###### Supplemental Videos

The main topics of this section are also presented in the following videos:

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The main topics of this section are also presented in the following videos:

In the previous section, we used the radius of a circle, \(r\text{,}\) and an angle, \(\theta\) to define polar coordinates. In this section, we use these variables to find the length of arcs on circles.

An arc is a portion of the circumference of a circle.

Arc length is defined as the length of an arc, \(s\text{,}\) along a circle of radius \(r\) subtended (drawn out) by an angle \(\theta\text{.}\)

The length of the arc around an entire circle is called the circumference of the circle. The circumference of a circle is

\begin{equation*}
C=2\pi r
\end{equation*}

To find the length of an arc along a circle of radius \(r\text{,}\) we can think of the arc as a portion of the circumference of the circle. Consider the following example.

Find the length of an arc on a circle of radius 2 subtended by an angle of 45 degrees.

Solution

Let's start by drawing a picture of the arc and labeling the known information.

We want to find the arc length, \(s\text{,}\) of an arc corresponding to an angle of 45 degrees on a circle of radius 2.

To find the arc length, we can think about the arc as a portion of the circle's circumference. The circumference of the circle is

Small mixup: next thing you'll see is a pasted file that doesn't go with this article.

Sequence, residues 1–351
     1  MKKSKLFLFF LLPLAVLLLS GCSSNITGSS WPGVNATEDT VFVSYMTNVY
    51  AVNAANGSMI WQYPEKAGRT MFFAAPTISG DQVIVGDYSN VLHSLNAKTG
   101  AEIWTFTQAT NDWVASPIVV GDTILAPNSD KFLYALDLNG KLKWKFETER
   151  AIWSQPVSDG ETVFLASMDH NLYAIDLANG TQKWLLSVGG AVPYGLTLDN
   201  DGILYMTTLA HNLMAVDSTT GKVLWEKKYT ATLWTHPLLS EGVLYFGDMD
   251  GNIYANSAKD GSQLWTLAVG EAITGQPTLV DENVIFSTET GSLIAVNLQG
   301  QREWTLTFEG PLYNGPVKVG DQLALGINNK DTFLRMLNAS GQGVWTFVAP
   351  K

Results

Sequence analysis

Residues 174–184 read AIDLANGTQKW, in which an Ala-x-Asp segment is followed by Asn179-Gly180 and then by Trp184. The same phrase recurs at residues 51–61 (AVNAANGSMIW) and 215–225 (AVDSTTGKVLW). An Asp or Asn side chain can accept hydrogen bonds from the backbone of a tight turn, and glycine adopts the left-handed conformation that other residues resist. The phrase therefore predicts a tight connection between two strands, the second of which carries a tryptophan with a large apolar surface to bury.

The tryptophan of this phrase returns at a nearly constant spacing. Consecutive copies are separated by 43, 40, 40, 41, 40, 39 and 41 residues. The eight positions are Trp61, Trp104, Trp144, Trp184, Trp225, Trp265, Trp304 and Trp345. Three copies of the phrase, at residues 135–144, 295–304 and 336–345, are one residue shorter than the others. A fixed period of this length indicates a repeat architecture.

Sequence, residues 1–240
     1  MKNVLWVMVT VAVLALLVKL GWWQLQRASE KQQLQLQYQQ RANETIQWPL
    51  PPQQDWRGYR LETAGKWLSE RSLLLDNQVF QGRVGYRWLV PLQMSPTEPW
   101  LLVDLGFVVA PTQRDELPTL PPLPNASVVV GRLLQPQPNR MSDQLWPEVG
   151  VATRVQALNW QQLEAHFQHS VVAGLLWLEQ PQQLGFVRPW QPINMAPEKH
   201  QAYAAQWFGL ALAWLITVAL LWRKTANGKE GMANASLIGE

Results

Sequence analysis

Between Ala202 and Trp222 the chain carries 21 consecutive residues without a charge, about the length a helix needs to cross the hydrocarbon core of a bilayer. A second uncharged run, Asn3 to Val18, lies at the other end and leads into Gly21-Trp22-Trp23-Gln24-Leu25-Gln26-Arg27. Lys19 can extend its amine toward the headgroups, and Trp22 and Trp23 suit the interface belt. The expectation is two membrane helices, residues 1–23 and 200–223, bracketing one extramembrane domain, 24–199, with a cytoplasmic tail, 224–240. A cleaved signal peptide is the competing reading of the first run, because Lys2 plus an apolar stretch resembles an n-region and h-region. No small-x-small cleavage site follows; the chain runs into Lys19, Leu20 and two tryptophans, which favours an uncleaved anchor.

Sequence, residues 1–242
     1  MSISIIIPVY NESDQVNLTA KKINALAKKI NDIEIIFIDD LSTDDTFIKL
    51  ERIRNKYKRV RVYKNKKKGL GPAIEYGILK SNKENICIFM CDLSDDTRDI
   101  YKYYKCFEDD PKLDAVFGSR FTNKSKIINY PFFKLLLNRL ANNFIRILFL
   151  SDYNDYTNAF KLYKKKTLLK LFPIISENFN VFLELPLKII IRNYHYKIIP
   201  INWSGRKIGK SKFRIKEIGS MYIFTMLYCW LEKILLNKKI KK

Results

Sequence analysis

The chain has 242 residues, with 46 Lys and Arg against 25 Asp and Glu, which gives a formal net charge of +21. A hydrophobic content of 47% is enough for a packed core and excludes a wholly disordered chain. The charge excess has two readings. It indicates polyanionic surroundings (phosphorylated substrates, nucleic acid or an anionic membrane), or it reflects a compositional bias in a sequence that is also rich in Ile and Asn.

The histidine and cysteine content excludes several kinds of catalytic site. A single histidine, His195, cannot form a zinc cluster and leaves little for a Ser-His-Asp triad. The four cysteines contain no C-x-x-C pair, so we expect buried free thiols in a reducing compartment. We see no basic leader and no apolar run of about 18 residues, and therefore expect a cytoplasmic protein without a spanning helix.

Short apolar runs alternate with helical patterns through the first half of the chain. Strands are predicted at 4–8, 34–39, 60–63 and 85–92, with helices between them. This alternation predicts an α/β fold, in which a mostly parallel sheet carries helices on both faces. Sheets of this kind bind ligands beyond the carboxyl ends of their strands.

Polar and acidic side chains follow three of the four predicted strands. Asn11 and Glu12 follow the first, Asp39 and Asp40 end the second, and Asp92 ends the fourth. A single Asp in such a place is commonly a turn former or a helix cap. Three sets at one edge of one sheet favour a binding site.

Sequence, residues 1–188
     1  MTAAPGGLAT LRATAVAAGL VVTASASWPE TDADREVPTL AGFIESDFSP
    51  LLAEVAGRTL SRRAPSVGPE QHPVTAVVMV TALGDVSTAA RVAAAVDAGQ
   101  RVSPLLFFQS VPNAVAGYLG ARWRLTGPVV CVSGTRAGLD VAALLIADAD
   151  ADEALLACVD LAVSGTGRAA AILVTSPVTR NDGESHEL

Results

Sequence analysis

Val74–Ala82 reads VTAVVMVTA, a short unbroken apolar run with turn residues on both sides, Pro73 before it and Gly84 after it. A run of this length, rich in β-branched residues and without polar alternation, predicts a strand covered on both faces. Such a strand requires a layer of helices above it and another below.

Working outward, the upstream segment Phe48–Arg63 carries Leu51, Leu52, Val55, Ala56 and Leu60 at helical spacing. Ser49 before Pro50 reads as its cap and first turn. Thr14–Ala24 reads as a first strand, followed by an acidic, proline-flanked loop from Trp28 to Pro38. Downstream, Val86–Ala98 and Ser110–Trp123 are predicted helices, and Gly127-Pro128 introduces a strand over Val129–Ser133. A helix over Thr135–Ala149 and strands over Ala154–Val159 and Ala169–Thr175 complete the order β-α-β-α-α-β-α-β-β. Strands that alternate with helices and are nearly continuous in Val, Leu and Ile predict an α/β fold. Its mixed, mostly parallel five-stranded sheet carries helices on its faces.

\begin{equation*}
C = 2\pi r = 2\pi \cdot 2 = 4\pi
\end{equation*}

Since the arc corresponding to \(45^\circ\) is one-eighth of the full circumference of the circle, the arc length is

\begin{equation*}
s = 4\pi \cdot \frac{1}{8} = \frac{4\pi}{8} = \frac{\pi}{2}
\end{equation*}

Recall that we defined radians as an angle measurement that arises by looking at angles as a fraction of the unit circle. Since the radius of the unit circle is 1, the circumference of the unit circle is \(2\pi\text{.}\) This is why there are \(2\pi\) radians in one complete trip around a circle. Thus, arc lengths on the unit circle correspond to the angle measures (in radians) that those arcs subtend.

For example, consider an arc subtended by an angle of \(\pi/2\) radians on the unit circle. Since the circumference of the unit circle is \(2\pi\) and the arc is one-fourth of the circumference, the arc length is

\begin{equation*}
2\pi \cdot \frac{1}{4} = \frac{2\pi}{4} = \frac{\pi}{2}
\end{equation*}

This corresponds exactly to the angle subtended by the arc, \(\pi/2\text{.}\)

What if the circle has radius \(r\text{?}\) If the circle is subtended by an angle of \(\theta\) radians, then the arc makes up a fraction of \(\frac{\theta}{2\pi}\) of the whole circumference. Since the circumference is \(2\pi r\text{,}\) we can compute the arc length as follows.

For a circle of radius \(r\) subtended by an angle of \(\theta\) radians, the length \(s\) of the corresponding arc is

\begin{equation*}
s=2\pi r\cdot\frac{\theta}{2\pi}
\end{equation*}

or simply

\begin{equation*}
s=r\theta
\end{equation*}